Saturday 22 July 2017

Blog Tour / Book Musings - Just me, The Sink and The Pot by Sudesna Ghosh

Sudesna Ghosh


Meet Pamela, an overweight girl who's looking back at her school days. From longing for a Valentine to dealing with a sibling who hates her, Pamela has a lot to deal with. She even has a special bunch of friends at home who she can turn to - but they aren't the kind of friends you'd expect. Life sucks when you're fat. Can Pamela ever be happy?

Read an excerpt of the book here...

One day a classmate asked me, “Where is your lunch?” I told her that I had already had it and went back to my fake laughter and smiles. The others chatted and laughed while they ate from their tiffin boxes. Some brought samosas or ice cream from outside the gate. My hunger pangs got worse as I saw all the food and smelt the delicious odours around me.

The ice cream cart was run by a sweet old man who knew me since I’d started school. He would ask me some days, “Child, you don’t want your favourite orange stick?” I would say no thank you and smile before running away from him and his cart. One day he seemed to be desperate to make me have an ice cream. “Child! Come here and have an ice cream. You don’t have to pay me,” he called out. I smiled, turned around and went to hide in an empty classroom. Two minutes later, I shrieked; the old man had found me. He was carrying a dripping ice cream for me. I started laughing. Then I started running away from him. The old man started running after me!

My classmates were shocked. The sports teacher was happy to see me run for the first time – I had never run before because fat moves when you run. Everybody would laugh. The lunch break ended with me accepting the mostly melted orange stick from the kind ice cream man. We were too tired to talk about the whole event. But it did make me a bit popular that year, with the school Yearbook including the story and a picture of me running away from a 6 feet tall man holding an ice cream.

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Book Musings :

I confess that I had overlooked this book at the beginning because of the cover. Yeah, I know I am being superficial but I can't help it at times. So you are asking why I picked it up? It's solely because of the blurb. It had me thinking about the book and I had to know if Pamela was happy at the end. In hindsight, I am glad that I came across it. Now I have no words to describe what it has evoked in me. I will try my best though!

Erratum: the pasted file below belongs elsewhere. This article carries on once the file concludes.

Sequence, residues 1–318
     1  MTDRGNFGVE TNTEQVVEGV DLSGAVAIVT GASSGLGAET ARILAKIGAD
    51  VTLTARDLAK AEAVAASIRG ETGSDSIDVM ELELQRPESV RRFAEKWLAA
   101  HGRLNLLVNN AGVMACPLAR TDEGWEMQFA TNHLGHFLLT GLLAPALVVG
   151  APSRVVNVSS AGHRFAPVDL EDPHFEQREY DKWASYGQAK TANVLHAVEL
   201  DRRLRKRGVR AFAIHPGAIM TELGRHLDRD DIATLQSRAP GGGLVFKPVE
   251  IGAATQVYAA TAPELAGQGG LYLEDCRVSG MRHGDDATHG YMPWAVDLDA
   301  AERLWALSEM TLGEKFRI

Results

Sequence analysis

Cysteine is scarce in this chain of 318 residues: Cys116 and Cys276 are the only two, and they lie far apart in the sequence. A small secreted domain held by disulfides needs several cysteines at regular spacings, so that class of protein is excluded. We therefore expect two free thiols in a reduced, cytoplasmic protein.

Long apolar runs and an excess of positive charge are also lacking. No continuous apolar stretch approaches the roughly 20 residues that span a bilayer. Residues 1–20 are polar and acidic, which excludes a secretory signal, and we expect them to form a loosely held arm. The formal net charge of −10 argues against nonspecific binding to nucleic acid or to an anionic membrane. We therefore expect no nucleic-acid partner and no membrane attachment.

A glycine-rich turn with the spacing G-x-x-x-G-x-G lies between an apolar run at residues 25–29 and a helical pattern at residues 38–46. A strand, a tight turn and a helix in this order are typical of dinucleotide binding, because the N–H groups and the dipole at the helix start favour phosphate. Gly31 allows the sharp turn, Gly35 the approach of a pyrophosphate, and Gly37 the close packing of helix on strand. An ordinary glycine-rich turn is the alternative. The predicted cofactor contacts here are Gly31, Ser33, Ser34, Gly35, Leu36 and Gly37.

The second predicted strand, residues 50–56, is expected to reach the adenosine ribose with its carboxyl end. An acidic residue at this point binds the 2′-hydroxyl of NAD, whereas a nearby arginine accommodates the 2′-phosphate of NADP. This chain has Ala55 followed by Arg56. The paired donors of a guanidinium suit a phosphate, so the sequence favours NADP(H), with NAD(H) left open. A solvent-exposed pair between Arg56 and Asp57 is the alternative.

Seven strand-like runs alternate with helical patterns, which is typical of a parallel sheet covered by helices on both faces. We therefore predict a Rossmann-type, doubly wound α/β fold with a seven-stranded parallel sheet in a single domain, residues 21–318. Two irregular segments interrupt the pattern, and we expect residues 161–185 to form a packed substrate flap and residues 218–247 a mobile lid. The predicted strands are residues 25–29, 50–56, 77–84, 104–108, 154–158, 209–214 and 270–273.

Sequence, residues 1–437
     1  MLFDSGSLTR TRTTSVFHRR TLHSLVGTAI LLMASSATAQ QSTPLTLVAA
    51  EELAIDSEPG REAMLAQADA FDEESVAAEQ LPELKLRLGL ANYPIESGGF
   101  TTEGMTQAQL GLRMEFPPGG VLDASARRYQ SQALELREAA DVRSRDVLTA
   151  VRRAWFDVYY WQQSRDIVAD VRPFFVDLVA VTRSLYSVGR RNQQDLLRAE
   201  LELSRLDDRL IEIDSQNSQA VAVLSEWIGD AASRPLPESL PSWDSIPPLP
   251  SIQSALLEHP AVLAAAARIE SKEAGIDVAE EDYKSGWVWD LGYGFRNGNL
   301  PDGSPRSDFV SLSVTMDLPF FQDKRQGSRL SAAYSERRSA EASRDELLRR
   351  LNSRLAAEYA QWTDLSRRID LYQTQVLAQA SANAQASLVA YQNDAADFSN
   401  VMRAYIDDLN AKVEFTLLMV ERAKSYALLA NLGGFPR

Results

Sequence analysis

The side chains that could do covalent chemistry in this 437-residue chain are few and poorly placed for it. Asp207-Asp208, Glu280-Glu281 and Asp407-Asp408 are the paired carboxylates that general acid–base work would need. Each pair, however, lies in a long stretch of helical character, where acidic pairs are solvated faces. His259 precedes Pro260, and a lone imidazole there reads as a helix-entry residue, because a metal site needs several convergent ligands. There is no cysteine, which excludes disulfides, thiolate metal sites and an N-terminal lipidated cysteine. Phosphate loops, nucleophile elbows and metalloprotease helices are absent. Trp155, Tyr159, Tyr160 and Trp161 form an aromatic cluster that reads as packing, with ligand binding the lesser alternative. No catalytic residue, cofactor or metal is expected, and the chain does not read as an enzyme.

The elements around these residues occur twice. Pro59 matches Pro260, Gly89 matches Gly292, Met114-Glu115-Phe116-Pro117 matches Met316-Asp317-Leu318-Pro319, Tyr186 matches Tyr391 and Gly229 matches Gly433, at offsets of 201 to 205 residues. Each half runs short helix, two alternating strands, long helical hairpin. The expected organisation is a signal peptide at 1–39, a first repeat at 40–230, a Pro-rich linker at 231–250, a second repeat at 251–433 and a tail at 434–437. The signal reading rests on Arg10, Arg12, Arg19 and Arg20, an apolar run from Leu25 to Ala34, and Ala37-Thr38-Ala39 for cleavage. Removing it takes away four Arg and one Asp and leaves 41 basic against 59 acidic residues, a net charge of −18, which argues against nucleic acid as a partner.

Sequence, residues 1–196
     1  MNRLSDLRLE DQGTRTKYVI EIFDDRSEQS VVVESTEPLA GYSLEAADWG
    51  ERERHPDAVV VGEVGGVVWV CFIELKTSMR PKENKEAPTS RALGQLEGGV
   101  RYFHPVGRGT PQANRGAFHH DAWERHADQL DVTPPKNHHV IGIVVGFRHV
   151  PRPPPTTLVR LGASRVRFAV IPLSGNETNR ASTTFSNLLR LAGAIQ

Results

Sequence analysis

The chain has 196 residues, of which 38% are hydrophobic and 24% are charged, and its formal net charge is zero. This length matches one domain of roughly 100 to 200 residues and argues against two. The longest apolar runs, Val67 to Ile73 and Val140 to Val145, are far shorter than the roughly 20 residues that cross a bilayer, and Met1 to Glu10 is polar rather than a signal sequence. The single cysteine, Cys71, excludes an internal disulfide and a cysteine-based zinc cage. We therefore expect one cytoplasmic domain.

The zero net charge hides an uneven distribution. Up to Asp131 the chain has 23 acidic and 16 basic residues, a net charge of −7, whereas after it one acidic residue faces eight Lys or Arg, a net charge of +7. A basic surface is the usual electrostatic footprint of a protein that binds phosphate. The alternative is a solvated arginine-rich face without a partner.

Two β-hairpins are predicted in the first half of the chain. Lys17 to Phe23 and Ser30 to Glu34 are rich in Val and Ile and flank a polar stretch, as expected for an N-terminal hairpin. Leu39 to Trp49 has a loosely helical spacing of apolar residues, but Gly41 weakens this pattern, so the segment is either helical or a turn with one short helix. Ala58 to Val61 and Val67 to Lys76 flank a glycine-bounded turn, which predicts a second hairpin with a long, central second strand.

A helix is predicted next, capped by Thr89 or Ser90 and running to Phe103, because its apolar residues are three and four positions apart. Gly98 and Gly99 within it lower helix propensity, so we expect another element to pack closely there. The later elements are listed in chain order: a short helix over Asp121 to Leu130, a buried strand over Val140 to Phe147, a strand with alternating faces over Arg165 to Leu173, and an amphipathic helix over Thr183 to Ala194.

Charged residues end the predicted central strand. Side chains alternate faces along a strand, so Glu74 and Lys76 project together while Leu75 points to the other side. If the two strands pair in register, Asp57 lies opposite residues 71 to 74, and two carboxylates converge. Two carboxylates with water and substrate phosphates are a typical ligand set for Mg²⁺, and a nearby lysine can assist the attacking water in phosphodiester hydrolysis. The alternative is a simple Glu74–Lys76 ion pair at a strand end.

When I started the book, I didn't realise that it was in a style similar to the diary format. I am not used to it much. Except for The Diary of a Young Girl, Anne Frank, I hadn't read any in this form. So it took a bit to get into it. But  as soon as I got enmeshed in Pamela's heart, I wouldn't have it in any other form.

The story is about Pamela and her everyday struggles as a fat kid. It deals with body shaming and bullying. Kudos to the author to be gutsy enough to write on these psychologically important issues. The way the author has dealt with the sensitive material in the form of a first hand account of a girl who is deemed not normal by her peers is commendable. This resonated within me because seriously who hasn't felt what Pamela experiences. I can see a bit of me in her and I feel every teen would feel that way except for those who were perfect which I doubt anyone could be. The flow is easy  and the language is simple. It is a fast read which touched my heart in so many ways. The wry humour had me smiling with tears in the eyes. It is at once funny and poignant. It had me thinking late into the night.

I have always felt that Anne Frank's Diary has to be read by people of all ages and I feel the same way about this book too! This is a must read for everyone especially teenagers. It would help in making the kids realise how much impact they have on their peers and how deep it can be.

The only thing which doesn't make the book a full 5 star read for me is the ending. Though it had a sudden twist, it was rather abrupt. I was seriously thinking the author would end it with a Pamela who would find her one and look back with nostalgia. I did like the ending with Pamela's realisation that it's okay to be different but it was just too abrupt for my tastes. Other than that, I applaud the author on a book well written!

My one line review : A must read for everyone especially teenagers

My rating : 4.5/5

My reread factor : 3/5

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About the author

Sudesna (Sue) Ghosh is a writer based in Kolkata. She was born in the United States and moved to India when she was 9. After completing high school there, she went back to the US for her higher education at the University of Rochester. She has also penned What Would I Tell Her @ 13 and News Now, along with several short stories. When Sudesna isn’t writing, she tries to do her bit for animal welfare.


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